Having had the chance to check out Toshiba's and HP's impending enterprise-class notebooks, more and more I'm convinced spending up is the way to go when it comes to buying a notebook that both looks and feels like quality. While Dell's Precision notebooks are still a little boxy and aren't quite the ladykillers the new HP EliteBooks are, there's still something very austere and functional about them that puts consumer-grade laptops from any manufacturer to shame. If you're one of the people that didn't much care for Dell's new XPS line, these may be for you.

Dell has announced two new mobile workstations, the Precision M4600 and M6600, 15.6" and 17.3" respectively. Both are based on Intel's Sandy Bridge platform, supporting up to 32GB of DDR3-1333 (16GB of DDR3-1600) in four DIMM slots along with ramping all the way up to the 55-watt Core i7-2920XM, and each offers a range of choices from AMD's FirePro Mobility GPUs and NVIDIA's Quadro GPUs. Best of all, Dell is offering bare-minimum 72% gamut displays on each of these notebooks along with an optional upgrade to an IPS RGB-LED display on the M4600. Let's break them down.

The 15.6" Precision M4600's screen options start from a basic 1366x768 screen, move up to a multi-touch enabled 1366x768 screen, then on to a 1080p screen, and then finally Dell's PremierColor IPS RGB-LED backlit 1080p screen. GPU options include the AMD FirePro M5950 Mobility Pro with 1GB of GDDR5 (GPU equivalent to the 480-shader Radeon HD 6670), the NVIDIA Quadro 1000M with 2GB of GDDR3 (GPU equivalent to the 96-core GeForce GT 540M, depending on the clocks), and the NVIDIA Quadro 200M with 2GB of GDDR3 (GPU equivalent to the 192-core GeForce GTX 460M, but without GDDR5 and only a 128-bit memory interface). Additionally, the M4600 can be configured with a 128GB SSD mini-card to supplement the hard drive; two 128GB SSDs can be configured to run in RAID 0 or RAID 1. It offers virtually every type of connectivity under the sun: gigabit ethernet, 802.11n, Bluetooth 3.0, WWAN, 2x USB 2.0, 2x USB 3.0, FireWire, eSATA, HDMI, DisplayPort, VGA, ExpressCard/54, and a SmartCard reader. The M4600 starts at $1,678 and will be available on May 10th.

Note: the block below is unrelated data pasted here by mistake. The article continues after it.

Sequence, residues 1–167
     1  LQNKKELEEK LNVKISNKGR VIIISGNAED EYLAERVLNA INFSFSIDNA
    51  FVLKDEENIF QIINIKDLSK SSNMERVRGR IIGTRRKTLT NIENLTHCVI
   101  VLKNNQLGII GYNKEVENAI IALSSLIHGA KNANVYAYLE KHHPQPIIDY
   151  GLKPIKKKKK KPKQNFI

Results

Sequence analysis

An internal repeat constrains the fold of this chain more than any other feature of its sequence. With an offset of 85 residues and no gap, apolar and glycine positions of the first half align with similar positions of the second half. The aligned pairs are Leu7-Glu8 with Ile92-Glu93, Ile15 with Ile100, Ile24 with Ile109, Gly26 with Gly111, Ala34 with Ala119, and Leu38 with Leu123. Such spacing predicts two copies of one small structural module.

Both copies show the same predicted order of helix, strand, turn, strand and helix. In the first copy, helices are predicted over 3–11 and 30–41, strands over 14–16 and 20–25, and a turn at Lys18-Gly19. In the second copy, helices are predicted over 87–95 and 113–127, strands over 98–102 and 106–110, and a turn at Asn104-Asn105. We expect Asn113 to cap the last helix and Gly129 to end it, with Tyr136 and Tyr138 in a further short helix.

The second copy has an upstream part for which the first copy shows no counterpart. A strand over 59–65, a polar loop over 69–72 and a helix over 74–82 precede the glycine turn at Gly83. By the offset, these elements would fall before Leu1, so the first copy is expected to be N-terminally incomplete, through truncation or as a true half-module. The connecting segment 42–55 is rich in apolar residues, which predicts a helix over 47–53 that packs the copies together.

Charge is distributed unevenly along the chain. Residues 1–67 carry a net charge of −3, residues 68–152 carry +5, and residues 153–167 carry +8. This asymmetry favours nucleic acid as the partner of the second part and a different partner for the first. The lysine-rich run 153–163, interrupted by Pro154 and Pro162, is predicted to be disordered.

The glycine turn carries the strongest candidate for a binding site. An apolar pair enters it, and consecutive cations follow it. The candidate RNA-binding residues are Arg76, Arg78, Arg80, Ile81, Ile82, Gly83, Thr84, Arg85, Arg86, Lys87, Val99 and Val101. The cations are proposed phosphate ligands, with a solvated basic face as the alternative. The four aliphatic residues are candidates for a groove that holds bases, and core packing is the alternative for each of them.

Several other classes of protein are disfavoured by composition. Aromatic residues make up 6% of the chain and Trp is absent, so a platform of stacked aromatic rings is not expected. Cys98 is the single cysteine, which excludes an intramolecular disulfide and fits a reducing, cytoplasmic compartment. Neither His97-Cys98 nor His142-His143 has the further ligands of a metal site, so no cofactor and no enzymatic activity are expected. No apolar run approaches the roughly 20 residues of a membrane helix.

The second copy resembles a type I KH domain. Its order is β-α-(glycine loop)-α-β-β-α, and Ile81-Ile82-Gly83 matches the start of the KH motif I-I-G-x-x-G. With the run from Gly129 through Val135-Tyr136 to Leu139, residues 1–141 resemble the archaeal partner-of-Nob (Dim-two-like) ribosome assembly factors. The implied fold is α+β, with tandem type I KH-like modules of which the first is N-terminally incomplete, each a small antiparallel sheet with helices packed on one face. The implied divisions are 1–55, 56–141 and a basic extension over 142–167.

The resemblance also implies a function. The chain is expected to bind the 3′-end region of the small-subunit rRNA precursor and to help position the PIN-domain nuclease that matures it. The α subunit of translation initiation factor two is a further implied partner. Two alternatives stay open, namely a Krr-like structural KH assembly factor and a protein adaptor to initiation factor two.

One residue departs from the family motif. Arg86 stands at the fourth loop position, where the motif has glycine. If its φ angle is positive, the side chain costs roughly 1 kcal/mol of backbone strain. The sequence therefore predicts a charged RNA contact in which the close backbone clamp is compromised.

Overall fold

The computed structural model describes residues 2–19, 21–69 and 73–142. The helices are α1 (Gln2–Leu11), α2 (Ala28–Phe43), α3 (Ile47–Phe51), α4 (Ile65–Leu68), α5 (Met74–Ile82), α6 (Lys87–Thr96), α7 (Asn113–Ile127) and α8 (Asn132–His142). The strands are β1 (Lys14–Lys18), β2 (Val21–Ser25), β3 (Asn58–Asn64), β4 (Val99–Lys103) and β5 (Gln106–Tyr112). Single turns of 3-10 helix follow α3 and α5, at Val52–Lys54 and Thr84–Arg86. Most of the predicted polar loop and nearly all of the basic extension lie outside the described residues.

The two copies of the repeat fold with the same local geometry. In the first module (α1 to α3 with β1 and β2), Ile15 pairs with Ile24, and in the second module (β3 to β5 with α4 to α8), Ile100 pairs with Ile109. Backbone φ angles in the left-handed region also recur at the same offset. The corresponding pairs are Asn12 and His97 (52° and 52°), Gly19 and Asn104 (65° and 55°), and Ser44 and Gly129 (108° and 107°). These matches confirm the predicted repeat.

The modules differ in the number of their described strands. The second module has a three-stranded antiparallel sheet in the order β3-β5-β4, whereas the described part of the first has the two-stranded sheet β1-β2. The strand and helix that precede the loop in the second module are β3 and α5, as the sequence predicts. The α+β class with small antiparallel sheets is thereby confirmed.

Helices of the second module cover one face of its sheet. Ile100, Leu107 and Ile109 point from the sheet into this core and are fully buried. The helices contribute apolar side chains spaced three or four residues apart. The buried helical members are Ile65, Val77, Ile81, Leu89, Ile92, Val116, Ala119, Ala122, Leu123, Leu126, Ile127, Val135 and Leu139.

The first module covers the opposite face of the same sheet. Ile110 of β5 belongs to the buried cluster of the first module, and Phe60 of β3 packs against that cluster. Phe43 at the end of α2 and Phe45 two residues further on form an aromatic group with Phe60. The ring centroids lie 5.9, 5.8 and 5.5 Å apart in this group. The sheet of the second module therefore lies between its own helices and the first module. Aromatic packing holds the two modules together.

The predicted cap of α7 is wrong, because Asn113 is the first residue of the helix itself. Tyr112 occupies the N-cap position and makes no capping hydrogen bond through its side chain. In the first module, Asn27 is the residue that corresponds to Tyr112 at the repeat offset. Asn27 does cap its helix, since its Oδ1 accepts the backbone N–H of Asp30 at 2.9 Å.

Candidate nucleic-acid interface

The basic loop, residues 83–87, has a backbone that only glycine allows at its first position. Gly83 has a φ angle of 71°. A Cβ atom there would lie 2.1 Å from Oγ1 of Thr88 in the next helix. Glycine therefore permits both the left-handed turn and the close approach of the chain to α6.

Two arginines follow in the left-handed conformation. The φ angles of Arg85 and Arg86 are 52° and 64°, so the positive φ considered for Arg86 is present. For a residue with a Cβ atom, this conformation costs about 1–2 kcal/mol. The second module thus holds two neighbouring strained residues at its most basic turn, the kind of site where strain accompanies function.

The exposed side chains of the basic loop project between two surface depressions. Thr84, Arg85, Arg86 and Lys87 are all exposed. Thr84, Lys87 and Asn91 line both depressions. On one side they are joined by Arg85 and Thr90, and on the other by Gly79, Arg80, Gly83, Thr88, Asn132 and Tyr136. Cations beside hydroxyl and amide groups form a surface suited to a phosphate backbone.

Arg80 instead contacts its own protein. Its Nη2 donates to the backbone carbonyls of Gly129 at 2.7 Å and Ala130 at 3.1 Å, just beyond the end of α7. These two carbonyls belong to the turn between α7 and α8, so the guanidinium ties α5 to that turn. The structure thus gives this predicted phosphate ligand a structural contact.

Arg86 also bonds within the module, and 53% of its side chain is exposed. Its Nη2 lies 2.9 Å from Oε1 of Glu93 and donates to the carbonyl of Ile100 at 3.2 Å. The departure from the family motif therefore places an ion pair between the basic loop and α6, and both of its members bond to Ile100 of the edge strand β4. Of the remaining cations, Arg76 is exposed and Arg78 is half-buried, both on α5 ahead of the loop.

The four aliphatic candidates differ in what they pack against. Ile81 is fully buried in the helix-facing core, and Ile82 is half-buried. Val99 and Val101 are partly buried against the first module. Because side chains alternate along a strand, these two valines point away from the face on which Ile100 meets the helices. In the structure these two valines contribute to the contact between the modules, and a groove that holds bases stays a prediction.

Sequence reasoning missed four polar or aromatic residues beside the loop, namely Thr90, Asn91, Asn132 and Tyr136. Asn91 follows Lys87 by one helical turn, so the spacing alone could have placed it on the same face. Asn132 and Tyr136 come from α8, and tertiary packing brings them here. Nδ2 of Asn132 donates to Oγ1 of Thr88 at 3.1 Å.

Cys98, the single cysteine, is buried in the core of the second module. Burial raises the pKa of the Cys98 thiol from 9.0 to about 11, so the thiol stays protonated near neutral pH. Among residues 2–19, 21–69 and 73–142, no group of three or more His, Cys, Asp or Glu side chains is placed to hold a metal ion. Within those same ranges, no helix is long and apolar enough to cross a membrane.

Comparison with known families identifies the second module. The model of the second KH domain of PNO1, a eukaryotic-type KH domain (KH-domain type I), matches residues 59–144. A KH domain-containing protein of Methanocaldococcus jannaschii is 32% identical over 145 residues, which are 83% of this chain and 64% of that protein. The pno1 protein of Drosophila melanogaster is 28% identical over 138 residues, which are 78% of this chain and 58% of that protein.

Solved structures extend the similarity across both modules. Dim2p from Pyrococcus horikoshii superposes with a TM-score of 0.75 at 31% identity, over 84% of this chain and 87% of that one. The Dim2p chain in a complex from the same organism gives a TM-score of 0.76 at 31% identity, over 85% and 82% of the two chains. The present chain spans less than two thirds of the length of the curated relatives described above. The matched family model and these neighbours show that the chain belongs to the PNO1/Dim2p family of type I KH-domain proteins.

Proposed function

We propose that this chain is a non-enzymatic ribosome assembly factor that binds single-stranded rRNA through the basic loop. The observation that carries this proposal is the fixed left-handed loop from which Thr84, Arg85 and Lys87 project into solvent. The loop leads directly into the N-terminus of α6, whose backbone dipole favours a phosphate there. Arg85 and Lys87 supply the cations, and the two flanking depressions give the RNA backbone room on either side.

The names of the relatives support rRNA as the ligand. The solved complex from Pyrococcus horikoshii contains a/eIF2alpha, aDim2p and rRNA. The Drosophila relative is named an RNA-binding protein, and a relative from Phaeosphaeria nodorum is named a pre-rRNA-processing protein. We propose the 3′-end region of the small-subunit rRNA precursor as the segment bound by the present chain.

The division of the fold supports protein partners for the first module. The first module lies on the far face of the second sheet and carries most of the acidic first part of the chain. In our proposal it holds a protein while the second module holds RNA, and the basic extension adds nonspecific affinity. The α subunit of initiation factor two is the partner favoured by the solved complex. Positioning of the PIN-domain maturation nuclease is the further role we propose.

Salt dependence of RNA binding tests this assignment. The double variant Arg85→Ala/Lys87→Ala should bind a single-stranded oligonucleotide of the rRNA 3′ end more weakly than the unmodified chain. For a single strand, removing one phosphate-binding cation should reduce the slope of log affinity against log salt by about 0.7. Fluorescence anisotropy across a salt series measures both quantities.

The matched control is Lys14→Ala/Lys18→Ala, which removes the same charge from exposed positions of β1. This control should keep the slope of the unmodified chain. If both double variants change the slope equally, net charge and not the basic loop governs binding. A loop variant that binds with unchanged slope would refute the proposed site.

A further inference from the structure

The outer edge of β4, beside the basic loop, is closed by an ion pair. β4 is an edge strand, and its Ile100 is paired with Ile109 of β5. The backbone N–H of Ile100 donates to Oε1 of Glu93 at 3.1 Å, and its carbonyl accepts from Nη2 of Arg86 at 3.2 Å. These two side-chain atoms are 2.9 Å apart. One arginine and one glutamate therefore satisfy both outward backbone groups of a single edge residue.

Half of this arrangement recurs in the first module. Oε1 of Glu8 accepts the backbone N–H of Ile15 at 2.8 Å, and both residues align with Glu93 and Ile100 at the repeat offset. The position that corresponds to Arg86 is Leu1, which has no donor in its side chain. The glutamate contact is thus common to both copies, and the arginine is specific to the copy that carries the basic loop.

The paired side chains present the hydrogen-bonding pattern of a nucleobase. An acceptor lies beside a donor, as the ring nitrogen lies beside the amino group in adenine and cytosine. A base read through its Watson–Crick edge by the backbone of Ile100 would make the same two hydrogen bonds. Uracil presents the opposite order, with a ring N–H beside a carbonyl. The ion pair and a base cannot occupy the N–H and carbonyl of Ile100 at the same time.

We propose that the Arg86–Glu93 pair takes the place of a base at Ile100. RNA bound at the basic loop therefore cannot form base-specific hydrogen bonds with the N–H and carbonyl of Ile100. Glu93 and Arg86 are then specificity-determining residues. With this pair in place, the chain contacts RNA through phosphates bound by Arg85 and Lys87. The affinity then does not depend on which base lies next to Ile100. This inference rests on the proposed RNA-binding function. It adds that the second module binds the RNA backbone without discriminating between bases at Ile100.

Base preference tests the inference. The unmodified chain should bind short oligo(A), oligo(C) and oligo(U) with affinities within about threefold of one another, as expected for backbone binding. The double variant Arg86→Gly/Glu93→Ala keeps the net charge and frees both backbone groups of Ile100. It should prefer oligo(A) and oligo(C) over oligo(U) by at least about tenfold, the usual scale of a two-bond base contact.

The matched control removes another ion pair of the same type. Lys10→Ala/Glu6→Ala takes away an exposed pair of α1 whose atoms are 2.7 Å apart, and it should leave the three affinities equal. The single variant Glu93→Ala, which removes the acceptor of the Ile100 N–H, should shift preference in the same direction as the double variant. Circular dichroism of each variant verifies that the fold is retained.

Moving up to the Papa Bear, the 17.3" Precision M6600 brings to bear all of the same processor options and connectivity as the M4600, but graphics, display, and storage options are improved. This time, the display starts at a basic 1600x900 panel, but can be upgraded to a 1080p display with or without multi-touch capability. It won't be launching with an IPS display option, but Dell expects availability soon after. Graphics get a boost as well, allowing the following: the AMD FirePro M8900 Mobility Pro with 2GB of GDDR5 (GPU equivalent to the 960-shader Radeon HD 6970M), the NVIDIA Quadro 3000M with 2GB of GDDR5 (240 cores, likely using a GF106/GF116 die, which means roughly GTX 470M with more bandwidth but fewer cores), the NVIDIA Quadro 4000M with 2GB of GDDR5 (336 cores, again with a GF106/GF116 core, but now surpassing GTX 470M), and topping out at the NVIDIA Quadro 5010M with a whopping 4GB of GDDR5 (a full 384 cores, a full-fledged GF104/GF114, matching up with the GTX 485M). Besides the graphics and processor choices, the M6600 adds a second 2.5" drive bay to go alongside the first bay and the offered 128GB mini-card SSD, and these three can be configured together into RAID 0, RAID 1, or even RAID 5. The M6600 starts at $2,158 and will be available on May 10th.

Besides these two notebooks, Dell is offering the Precision R5500 rackmount workstation. This monster is capable of supporting up to five full-length, full-height PCIe x16 cards, dual graphics cards, up to 192GB of memory, up to five SATA drives and six SAS drives, and runs one or two Xeon 5600 series processors. These chips are still based on Westmere technology as opposed to Sandy Bridge, but combined can allow for a total of twelve physical cores and twenty-four logical cores. The R5500 starts at $2,551 and will be available in the states and Europe on May 3rd, showing up in the Asia-Pacific region a week later on the 10th.

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  • Iketh - Wednesday, April 27, 2011 - link

    LOL +1 Reply
  • khimera2000 - Thursday, April 28, 2011 - link